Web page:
Australia deports 18 Lankan asylum seekers

The Minister for Immigration and Citizenship, Chris Bowen MP, today announced that a group of 16 Sri Lankan men – part of the post-13 August caseload affected by new regional processing arrangements – are returning home voluntarily, the Australian High Commission in Colombo said today.

Two other Sri Lankan men in immigration detention who arrived before 13 August are also being returned.

The men were removed on a charter flight from Christmas Island to Colombo today that departed at 8.15am local time.

“These individuals chose not to pursue asylum claims and face transfer to a regional processing centre in Nauru or Papua New Guinea and instead chose to return home voluntarily,” Bowen said.

“We have completed more transfers of boat arrivals to Nauru this week and they will continue to occur in the coming days and weeks.

“Both the Nauru transfers and this group of adult Sri Lankan men choosing to return home provide further evidence that the people smugglers are selling lies and misleading asylum seekers about the situation they will face if they reach Australia by boat.

“People who pay smugglers to risk their lives on a dangerous sea journey are throwing their money away, as demonstrated by the speedy return of this group.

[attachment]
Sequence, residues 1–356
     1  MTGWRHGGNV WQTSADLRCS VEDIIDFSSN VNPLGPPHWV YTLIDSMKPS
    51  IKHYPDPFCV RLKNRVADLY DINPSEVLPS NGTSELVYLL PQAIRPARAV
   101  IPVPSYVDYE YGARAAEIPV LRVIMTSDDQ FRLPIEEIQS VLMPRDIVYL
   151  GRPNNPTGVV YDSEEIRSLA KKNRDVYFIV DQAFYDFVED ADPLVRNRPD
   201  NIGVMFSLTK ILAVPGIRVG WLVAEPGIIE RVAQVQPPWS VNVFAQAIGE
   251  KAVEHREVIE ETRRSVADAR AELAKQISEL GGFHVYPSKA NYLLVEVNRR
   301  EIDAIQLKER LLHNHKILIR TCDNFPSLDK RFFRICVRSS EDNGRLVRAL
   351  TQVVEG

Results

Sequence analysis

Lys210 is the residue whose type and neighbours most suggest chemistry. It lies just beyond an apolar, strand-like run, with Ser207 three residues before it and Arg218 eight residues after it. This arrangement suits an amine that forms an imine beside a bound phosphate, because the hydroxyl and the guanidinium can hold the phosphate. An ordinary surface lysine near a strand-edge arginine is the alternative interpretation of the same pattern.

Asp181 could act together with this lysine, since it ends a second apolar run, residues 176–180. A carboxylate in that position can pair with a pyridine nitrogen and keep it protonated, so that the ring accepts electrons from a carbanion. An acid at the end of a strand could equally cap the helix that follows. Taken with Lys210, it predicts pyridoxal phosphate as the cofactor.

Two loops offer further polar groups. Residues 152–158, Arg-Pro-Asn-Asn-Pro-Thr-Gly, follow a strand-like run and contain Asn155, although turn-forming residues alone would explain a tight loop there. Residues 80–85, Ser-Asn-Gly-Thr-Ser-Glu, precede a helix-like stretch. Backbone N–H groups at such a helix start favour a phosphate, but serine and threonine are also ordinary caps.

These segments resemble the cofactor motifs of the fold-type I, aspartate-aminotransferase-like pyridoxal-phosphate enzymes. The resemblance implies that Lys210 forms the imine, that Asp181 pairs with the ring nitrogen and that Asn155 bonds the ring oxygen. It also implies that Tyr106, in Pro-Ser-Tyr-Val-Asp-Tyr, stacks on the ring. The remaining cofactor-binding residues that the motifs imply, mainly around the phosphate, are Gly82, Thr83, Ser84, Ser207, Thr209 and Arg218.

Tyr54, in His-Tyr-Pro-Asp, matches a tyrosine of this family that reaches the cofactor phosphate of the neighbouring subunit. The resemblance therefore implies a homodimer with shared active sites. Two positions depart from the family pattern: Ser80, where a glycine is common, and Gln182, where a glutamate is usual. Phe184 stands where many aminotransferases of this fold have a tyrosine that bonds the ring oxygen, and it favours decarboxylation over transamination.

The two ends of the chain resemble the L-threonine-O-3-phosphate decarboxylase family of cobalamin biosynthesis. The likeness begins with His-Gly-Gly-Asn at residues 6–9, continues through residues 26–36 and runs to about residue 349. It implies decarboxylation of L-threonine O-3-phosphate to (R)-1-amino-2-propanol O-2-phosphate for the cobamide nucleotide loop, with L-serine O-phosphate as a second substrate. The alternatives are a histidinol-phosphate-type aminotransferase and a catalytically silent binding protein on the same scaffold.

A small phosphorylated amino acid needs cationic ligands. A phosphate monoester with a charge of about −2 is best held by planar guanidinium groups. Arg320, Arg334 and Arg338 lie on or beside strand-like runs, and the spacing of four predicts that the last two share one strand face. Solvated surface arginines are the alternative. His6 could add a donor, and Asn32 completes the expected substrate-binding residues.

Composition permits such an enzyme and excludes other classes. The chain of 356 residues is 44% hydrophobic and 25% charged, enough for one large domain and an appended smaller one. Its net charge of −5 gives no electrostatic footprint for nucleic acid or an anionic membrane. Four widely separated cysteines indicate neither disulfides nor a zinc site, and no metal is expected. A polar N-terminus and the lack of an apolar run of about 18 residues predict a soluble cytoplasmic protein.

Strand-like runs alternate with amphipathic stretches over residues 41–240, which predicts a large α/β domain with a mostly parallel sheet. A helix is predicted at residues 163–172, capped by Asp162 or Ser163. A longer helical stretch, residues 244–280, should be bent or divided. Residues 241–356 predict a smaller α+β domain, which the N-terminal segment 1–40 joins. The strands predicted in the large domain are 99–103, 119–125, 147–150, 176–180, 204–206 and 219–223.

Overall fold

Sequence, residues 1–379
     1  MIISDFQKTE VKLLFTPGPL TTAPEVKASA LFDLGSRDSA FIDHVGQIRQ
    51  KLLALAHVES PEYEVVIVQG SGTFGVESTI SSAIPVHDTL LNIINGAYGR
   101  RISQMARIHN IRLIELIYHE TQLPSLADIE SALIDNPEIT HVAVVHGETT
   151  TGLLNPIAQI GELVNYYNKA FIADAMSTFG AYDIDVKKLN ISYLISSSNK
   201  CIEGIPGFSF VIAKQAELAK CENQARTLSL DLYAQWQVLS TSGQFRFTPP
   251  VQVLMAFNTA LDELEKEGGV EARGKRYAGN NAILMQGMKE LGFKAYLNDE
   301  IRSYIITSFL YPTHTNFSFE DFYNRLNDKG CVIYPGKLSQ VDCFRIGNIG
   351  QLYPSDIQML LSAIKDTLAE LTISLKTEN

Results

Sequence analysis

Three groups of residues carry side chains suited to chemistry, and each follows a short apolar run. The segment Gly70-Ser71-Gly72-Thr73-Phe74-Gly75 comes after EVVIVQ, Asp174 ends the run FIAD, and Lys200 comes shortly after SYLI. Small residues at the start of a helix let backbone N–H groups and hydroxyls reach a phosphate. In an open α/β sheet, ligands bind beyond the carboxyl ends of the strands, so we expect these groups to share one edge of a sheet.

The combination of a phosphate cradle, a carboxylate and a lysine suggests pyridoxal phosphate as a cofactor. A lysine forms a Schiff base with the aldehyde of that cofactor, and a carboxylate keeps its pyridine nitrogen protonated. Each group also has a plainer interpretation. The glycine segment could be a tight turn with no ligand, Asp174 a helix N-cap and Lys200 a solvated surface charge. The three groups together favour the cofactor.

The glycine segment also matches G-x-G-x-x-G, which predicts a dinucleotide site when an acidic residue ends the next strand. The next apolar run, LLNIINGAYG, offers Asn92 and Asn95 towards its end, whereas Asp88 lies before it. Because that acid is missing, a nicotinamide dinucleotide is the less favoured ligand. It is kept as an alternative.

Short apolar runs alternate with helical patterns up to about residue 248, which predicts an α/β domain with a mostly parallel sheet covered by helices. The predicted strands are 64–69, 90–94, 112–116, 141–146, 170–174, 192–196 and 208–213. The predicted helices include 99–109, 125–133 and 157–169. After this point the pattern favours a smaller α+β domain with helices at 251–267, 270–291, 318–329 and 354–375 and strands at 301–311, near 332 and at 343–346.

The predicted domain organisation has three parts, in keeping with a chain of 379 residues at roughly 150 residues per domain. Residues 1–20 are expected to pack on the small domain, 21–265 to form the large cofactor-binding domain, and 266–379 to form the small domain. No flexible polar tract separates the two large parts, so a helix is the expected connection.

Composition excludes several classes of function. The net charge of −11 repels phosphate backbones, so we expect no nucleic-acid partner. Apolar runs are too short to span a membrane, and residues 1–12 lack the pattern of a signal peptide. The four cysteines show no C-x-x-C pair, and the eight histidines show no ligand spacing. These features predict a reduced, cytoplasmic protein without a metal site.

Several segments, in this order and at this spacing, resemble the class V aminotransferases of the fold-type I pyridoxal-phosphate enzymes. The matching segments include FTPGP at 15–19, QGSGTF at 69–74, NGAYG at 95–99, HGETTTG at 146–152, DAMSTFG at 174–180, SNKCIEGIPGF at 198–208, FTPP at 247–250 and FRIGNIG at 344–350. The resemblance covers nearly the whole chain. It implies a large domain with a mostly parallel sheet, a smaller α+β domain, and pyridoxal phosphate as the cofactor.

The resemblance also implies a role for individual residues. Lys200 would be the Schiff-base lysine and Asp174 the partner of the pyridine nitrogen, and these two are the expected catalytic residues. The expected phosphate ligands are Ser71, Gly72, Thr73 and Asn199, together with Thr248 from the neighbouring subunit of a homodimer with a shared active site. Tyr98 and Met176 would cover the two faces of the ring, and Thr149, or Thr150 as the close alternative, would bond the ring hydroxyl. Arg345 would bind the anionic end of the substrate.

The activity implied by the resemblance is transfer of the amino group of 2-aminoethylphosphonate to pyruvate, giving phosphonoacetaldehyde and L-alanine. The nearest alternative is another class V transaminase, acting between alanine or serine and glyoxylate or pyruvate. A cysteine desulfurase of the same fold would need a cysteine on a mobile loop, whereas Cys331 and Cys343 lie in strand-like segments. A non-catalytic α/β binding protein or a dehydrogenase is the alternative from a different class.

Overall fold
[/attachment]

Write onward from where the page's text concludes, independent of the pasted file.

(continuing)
“Transfers off Christmas Island will continue. People arriving by boat will be sent to Nauru and Papua New Guinea. This Government is determined to break the people smuggling trade and stop people getting on those dangerous boats,” Mr Bowen said.

People in immigration detention can request their removal from Australia at any point in time. Those who choose to depart voluntarily can be provided with individual reintegration support to assist with their sustainable return, through the International Organization for Migration.

According to the Australian High Commission in Colombo, Bowen said the Australian Government was committed to implementing the Expert Panel on Asylum Seekers’ key principle related to a strategic, comprehensive and integrated policy approach that provides no advantage to people choosing to travel to Australia by boat.